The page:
This is an excerpt from EERE Network News, a weekly electronic newsletter.
European Union Falling Short on Renewable Energy Targets
As the International Conference for Renewable Energies takes place in Bonn, attendees are facing some unpleasant news from the European Commission: the European Union (EU) members are falling short of their renewable energy commitments. The commission projects that renewable energy will provide 18 to 19 percent of the electricity needs for the 15 original EU members (the "EU15") by 2010, short of the 22-percent target. The analysis shows that only Denmark, Finland, Germany, and Spain are meeting their targets. The EU15 also have a goal of meeting 12 percent of their total energy needs with renewable energy, but the commission says that at best, a 10 percent share will be achieved. To remedy the situation, the commission is calling for a stronger commitment from the EU countries. See the European Commission press release.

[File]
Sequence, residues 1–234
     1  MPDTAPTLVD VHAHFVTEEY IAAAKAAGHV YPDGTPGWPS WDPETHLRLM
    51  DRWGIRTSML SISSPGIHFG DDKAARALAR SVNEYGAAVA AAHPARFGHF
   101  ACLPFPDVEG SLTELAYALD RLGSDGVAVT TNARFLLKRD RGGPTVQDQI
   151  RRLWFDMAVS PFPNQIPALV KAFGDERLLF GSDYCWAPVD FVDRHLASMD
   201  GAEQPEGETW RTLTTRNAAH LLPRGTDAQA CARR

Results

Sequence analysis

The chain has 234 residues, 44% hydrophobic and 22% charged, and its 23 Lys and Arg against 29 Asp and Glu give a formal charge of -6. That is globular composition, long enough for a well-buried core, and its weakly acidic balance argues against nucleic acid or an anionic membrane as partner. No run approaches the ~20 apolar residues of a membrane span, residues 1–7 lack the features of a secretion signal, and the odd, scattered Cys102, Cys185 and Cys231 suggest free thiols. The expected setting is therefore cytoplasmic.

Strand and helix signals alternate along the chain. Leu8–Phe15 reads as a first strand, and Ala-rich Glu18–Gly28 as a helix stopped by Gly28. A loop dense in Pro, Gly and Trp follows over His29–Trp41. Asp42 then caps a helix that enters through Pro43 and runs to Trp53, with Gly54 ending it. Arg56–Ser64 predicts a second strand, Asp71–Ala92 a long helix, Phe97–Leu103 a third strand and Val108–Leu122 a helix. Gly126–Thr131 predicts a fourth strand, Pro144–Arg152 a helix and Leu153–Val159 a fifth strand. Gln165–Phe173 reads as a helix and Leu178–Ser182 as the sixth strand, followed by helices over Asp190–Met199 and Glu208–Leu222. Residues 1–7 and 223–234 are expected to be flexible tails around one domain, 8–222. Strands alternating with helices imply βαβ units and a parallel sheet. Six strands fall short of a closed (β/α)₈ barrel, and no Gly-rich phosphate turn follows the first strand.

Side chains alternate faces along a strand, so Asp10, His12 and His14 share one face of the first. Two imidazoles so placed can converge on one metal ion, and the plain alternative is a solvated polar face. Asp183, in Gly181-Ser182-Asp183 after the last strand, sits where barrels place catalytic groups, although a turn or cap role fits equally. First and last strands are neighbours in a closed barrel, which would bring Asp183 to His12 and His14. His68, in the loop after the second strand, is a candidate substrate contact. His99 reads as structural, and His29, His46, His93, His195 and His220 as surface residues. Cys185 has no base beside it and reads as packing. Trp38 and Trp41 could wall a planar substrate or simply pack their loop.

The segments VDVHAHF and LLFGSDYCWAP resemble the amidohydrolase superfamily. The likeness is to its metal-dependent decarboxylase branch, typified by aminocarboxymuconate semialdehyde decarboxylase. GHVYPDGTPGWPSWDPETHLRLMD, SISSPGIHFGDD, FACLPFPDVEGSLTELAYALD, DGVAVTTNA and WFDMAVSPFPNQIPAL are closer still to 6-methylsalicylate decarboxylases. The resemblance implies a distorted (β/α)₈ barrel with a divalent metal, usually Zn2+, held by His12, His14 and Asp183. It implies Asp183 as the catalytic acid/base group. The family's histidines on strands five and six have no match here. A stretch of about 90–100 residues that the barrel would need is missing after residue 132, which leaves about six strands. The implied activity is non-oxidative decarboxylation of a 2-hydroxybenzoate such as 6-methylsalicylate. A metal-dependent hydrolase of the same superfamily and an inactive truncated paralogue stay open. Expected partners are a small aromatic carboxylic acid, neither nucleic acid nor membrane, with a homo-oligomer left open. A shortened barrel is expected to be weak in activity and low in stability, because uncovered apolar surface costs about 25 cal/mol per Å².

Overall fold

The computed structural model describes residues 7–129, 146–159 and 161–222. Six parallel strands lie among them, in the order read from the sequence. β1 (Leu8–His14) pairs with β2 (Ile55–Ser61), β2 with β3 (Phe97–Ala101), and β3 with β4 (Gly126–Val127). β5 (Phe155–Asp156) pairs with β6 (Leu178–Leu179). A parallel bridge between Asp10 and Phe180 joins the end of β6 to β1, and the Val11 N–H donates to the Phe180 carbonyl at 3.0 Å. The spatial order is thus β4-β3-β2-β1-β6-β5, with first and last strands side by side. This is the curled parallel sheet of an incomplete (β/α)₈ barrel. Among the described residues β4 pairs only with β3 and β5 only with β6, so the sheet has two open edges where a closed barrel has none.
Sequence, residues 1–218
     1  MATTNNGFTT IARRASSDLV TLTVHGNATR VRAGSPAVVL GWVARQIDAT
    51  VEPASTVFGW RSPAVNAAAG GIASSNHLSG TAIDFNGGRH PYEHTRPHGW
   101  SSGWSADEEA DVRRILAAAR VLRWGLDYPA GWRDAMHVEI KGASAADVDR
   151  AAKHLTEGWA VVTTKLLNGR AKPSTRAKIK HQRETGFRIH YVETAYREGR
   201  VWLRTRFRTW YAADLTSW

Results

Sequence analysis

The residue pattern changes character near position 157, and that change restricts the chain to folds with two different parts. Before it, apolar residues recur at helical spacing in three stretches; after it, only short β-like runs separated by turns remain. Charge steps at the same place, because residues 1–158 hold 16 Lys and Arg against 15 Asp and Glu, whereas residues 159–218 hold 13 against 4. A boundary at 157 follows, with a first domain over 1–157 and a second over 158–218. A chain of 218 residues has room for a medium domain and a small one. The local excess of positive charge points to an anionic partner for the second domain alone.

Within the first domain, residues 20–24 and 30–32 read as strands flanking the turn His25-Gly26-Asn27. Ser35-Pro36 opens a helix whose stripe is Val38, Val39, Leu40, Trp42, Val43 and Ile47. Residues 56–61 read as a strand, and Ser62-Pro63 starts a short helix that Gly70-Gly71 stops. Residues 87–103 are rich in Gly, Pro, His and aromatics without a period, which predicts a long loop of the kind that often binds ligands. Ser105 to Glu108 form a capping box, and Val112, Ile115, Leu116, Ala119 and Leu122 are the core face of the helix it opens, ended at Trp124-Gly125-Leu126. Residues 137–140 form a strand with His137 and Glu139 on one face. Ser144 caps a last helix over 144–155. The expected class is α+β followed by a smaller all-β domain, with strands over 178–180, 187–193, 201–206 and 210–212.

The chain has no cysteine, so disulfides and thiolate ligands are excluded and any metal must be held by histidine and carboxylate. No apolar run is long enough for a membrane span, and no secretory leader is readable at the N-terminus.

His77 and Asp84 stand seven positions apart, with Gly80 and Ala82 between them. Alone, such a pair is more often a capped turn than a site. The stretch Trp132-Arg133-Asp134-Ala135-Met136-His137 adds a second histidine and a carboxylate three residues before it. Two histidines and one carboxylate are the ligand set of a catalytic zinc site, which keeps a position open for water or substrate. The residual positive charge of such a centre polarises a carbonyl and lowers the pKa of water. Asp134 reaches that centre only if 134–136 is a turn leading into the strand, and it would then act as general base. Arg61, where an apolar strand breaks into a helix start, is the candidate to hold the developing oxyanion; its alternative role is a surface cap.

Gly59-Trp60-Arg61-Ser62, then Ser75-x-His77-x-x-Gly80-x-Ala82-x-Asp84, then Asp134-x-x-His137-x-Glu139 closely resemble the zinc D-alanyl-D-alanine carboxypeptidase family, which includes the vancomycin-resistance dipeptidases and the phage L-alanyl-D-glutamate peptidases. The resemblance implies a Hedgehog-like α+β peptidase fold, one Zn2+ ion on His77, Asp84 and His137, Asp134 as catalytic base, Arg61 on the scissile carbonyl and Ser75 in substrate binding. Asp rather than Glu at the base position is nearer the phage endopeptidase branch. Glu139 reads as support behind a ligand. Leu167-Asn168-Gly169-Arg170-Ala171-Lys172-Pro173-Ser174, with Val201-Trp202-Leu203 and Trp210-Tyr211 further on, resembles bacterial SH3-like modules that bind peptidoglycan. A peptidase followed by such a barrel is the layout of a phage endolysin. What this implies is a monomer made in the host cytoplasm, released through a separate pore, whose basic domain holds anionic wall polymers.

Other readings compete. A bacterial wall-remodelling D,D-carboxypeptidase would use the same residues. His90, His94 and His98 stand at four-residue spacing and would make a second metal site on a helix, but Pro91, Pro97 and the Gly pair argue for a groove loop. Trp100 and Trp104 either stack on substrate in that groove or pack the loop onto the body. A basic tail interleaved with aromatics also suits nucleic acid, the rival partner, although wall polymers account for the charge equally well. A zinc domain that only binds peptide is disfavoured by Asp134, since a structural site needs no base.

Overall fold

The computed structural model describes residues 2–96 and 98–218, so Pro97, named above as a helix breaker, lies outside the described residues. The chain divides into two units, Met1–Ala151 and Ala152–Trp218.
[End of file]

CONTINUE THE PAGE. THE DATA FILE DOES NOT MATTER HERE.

The EU is also falling short on meeting its Kyoto Protocol targets for limiting greenhouse gas emissions, according to a report released by the European Environment Agency (EEA) in December 2003. The EEA projected that EU nations (meaning the EU15) would reduce their emissions to only 0.5 percent below 1990 levels by 2010, far short of the goal to cut emissions to 8.0 percent below 1990 levels. The EEA says the increase in emissions from transportation, especially from road vehicles, was the main reason for the emissions increase. On the bright side, the EEA found that the EU15 could pull to within 0.5 percent of the goal if a number of policies and measures planned in 11 EU countries were put in effect. See the EEA press release or go directly to the full report.